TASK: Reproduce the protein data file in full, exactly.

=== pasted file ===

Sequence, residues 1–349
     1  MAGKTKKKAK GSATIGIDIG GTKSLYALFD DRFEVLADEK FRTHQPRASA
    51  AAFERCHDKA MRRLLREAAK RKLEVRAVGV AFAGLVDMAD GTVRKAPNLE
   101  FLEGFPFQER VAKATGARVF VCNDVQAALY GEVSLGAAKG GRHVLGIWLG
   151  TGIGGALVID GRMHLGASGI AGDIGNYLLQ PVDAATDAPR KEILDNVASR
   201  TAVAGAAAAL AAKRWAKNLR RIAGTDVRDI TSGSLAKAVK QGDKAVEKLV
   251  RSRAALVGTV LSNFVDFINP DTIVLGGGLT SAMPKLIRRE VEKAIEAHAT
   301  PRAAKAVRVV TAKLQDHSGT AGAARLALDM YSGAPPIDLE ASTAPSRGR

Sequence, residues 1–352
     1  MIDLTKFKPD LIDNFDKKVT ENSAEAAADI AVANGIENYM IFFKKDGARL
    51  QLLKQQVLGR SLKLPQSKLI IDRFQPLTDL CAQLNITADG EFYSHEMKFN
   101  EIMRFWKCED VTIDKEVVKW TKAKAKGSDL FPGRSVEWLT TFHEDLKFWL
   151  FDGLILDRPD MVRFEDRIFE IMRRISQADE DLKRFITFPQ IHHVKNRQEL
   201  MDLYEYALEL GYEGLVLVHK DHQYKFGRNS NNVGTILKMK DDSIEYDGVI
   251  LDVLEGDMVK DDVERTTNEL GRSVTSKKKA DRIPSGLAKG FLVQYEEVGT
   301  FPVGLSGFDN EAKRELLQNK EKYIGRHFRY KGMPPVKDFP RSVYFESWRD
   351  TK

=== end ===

Sequence, residues 1–349
     1  MAGKTKKKAK GSATIGIDIG GTKSLYALFD DRFEVLADEK FRTHQPRASA
    51  AAFERCHDKA MRRLLREAAK RKLEVRAVGV AFAGLVDMAD GTVRKAPNLE
   101  FLEGFPFQER VAKATGARVF VCNDVQAALY GEVSLGAAKG GRHVLGIWLG
   151  TGIGGALVID GRMHLGASGI AGDIGNYLLQ PVDAATDAPR KEILDNVASR
   201  TAVAGAAAAL AAKRWAKNLR RIAGTDVRDI TSGSLAKAVK QGDKAVEKLV
   251  RSRAALVGTV LSNFVDFINP DTIVLGGGLT SAMPKLIRRE VEKAIEAHAT
   301  PRAAKAVRVV TAKLQDHSGT AGAARLALDM YSGAPPIDLE ASTAPSRGR

Sequence, residues 1–352
     1  MIDLTKFKPD LIDNFDKKVT ENSAEAAADI AVANGIENYM IFFKKDGARL
    51  QLLKQQVLGR SLKLPQSKLI IDRFQPLTDL CAQLNITADG EFYSHEMKFN
   101  EIMRFWKCED VTIDKEVVKW TKAKAKGSDL FPGRSVEWLT TFHEDLKFWL
   151  FDGLILDRPD MVRFEDRIFE IMRRISQADE DLKRFITFPQ IHHVKNRQEL
   201  MDLYEYALEL GYEGLVLVHK DHQYKFGRNS NNVGTILKMK DDSIEYDGVI
   251  LDVLEGDMVK DDVERTTNEL GRSVTSKKKA DRIPSGLAKG FLVQYEEVGT
   301  FPVGLSGFDN EAKRELLQNK EKYIGRHFRY KGMPPVKDFP RSVYFESWRD
   351  TK